Comiskey, who is not Jewish, said the KlezKamp environment was very welcoming. “Even though I wasn’t the ‘normal’ person coming to KlezKamp, people were excited I was there and to teach me about it,” he said.

For Volodarskaya, who sings in the UW-Madison Concert Choir, klezmer struck a familiar chord. “Growing up in a musical family in Russia, you hear it,” she said. “I didn’t know that it was called klezmer, that it came out of Eastern Europe in the 19th century, no. But you hear it and say to yourself, ‘That sounds familiar.’”

Volodarskaya’s mother is a pianist, and Anna started studying piano at age 4 and carried it through middle school, picking it up again in high school.

Her first year at KlezKamp, she found a piano and took part in entry level jam sessions. She took the Jewish Studies course “Yiddish Song and the Jewish Experience” after going to KlezKamp.

This time, she used a borrowed portable keyboard at KlezKamp. “There’s an ‘ear band’ and a reading band. I joined the ear band, which performs without any written music. The instructor will play a really complicated melody, and you’d think, ‘I’m never going to learn to play that.’ I was part of the rhythm section with piano, accordion, saxophone and percussion.

“We learn the melody, and the instructor says, ‘OK, rhythm section, make up the accompaniment.’ Depending on what kind of genre it was, that’s what we would go with.”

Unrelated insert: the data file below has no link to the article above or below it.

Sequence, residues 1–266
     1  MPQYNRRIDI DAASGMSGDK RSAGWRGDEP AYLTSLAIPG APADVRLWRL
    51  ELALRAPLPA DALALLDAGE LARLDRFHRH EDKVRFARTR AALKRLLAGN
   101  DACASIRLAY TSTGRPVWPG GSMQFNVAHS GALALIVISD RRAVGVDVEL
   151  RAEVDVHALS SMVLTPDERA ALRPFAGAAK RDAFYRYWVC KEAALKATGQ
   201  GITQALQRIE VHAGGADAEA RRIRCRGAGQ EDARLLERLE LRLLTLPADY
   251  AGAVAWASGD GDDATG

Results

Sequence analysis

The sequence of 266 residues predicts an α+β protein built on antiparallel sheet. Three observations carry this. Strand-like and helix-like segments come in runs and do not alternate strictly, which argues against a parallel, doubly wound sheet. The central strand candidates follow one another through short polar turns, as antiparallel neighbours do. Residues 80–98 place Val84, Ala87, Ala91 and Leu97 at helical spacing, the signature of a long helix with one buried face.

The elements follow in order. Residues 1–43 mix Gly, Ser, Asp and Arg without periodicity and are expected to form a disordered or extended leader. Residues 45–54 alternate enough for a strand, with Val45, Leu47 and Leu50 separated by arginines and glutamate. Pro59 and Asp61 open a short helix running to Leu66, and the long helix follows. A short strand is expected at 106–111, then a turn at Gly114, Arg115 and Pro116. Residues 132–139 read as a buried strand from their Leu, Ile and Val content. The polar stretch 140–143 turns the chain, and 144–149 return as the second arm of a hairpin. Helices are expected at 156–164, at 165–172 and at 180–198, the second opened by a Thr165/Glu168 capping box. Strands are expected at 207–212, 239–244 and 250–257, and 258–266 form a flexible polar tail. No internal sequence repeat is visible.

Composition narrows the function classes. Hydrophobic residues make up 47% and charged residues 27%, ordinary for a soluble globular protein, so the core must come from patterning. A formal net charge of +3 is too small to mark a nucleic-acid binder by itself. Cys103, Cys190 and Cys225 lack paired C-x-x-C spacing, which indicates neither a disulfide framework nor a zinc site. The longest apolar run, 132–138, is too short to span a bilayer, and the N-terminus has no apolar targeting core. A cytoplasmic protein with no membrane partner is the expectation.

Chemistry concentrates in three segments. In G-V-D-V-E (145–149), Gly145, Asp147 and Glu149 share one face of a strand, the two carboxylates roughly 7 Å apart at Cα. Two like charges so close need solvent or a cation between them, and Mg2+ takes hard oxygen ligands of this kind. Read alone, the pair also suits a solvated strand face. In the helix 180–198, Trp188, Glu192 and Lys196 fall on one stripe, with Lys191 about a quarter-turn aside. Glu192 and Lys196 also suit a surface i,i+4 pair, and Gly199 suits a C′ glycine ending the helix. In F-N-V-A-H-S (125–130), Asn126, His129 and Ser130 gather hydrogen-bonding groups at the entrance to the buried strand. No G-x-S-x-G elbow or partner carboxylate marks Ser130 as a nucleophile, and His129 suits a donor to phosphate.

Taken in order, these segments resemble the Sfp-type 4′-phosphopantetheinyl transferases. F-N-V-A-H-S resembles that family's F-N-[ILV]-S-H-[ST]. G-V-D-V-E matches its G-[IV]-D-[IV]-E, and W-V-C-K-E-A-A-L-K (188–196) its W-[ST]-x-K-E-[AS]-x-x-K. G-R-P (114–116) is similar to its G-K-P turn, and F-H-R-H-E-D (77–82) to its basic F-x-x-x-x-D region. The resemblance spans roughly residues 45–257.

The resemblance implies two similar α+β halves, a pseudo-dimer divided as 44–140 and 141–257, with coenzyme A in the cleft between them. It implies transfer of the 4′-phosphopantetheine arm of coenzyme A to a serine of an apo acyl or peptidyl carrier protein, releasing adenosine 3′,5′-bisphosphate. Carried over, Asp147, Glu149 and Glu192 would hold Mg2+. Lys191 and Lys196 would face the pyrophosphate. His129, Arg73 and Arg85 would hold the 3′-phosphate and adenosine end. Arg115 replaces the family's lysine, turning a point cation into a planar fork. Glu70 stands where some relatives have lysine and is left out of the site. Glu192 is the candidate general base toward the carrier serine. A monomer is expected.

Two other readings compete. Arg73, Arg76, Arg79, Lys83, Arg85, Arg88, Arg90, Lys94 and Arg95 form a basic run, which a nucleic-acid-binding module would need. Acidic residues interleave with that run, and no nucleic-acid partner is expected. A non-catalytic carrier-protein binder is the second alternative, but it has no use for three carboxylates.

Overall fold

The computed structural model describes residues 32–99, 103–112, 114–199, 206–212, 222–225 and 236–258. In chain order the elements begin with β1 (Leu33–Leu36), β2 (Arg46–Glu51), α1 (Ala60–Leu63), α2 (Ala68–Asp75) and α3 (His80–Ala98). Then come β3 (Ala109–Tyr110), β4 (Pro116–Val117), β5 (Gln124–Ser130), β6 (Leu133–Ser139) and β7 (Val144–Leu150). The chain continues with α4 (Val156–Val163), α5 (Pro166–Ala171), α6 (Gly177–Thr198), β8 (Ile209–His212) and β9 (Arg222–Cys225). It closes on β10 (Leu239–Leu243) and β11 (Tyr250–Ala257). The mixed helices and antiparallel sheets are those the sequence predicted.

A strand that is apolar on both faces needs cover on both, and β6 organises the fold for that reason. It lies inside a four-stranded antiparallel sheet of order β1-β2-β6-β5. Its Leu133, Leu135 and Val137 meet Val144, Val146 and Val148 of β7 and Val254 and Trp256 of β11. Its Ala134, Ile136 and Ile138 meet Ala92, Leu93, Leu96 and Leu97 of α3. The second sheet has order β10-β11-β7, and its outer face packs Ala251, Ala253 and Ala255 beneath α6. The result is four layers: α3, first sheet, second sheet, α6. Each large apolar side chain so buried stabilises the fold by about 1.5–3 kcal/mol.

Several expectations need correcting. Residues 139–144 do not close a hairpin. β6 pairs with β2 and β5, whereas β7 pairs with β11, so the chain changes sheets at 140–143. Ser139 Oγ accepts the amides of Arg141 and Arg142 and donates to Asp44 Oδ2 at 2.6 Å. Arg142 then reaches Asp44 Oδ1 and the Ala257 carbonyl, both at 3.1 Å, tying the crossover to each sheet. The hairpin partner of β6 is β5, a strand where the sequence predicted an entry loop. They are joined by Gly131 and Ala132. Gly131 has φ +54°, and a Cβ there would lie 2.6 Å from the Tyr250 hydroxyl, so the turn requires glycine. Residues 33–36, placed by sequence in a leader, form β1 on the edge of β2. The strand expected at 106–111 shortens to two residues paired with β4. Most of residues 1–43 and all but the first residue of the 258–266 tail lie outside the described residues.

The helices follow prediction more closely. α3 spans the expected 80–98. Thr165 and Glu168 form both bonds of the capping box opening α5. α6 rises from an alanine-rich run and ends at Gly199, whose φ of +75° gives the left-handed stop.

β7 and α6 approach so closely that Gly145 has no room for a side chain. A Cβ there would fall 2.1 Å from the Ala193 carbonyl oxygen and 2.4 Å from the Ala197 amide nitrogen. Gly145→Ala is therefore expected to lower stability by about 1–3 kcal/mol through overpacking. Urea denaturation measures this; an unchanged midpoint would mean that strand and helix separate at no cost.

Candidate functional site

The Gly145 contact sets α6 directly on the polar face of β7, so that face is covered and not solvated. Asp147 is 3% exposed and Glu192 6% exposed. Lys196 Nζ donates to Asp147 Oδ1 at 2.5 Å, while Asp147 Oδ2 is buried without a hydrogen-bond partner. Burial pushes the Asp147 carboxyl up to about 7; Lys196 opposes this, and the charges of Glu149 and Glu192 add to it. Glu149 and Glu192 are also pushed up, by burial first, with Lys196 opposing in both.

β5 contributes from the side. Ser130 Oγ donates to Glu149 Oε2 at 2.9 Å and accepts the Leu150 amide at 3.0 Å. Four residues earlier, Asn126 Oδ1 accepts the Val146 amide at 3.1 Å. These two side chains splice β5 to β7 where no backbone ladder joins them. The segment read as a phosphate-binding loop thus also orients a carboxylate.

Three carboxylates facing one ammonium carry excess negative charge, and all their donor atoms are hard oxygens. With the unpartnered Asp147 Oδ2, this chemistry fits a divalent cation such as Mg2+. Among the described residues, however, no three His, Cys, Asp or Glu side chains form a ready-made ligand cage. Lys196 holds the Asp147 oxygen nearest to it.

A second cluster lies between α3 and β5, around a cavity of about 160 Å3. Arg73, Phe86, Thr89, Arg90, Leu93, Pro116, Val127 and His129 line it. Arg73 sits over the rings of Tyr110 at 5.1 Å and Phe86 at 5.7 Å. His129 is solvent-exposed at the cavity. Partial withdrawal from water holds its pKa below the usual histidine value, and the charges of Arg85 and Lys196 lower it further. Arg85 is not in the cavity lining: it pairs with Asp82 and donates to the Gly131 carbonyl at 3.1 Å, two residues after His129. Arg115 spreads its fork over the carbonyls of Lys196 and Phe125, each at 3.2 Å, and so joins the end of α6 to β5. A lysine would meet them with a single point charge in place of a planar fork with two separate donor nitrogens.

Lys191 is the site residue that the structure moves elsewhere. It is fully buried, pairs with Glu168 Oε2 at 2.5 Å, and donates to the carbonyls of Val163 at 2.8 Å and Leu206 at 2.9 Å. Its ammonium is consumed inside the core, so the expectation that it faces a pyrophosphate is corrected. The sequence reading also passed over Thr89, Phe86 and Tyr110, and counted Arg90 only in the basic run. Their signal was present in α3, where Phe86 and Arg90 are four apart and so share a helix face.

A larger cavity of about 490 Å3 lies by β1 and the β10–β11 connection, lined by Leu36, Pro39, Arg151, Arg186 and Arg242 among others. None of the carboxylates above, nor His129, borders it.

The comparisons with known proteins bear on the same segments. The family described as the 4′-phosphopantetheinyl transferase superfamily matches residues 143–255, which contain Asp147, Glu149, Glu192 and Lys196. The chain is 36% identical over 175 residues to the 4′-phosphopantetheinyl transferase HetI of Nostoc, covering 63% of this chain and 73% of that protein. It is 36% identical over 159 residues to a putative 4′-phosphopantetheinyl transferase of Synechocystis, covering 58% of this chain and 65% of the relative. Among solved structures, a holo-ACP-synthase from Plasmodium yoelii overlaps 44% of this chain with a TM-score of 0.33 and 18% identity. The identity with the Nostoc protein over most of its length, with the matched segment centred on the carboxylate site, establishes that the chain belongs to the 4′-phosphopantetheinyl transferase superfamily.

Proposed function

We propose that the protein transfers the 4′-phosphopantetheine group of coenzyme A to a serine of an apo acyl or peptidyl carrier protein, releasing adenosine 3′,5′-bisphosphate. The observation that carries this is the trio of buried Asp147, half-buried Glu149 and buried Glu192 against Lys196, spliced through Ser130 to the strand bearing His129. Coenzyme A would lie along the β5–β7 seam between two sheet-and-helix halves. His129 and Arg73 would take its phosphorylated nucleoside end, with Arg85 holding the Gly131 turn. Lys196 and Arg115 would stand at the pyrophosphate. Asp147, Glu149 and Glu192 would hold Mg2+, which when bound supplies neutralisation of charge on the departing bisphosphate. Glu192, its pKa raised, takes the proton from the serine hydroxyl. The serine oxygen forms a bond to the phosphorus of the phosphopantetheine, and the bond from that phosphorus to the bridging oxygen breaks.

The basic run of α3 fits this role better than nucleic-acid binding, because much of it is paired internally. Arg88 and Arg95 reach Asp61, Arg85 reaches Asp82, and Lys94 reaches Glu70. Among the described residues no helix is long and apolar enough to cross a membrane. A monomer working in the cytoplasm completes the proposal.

This style of learning mirrors how klezmer music was passed through the generations. “People learned as apprentices,” Volodarskaya said. “There were no official schools. People didn’t learn by writing music down, typically. Then, later on, when there was a renaissance, that’s when people went through these recordings, listening to them and transcribing them.

“These virtuoso musicians had other careers,” she said. “They worked during the day and played at parties, weddings, Bar Mitzvahs.

“Western musicians might hear something in a minor key, and think, ‘Oh, that’s sad.’ That’s not necessarily how it works with klezmer music. For me, it wasn’t all that foreign, because I knew where those motifs came from: Eastern European music, even Middle Eastern music with the scales,” she said. “For me, it was kind of a call to a distant past.”

The Madison Summer KlezKamp will be held July 10-14 at UW-Madison.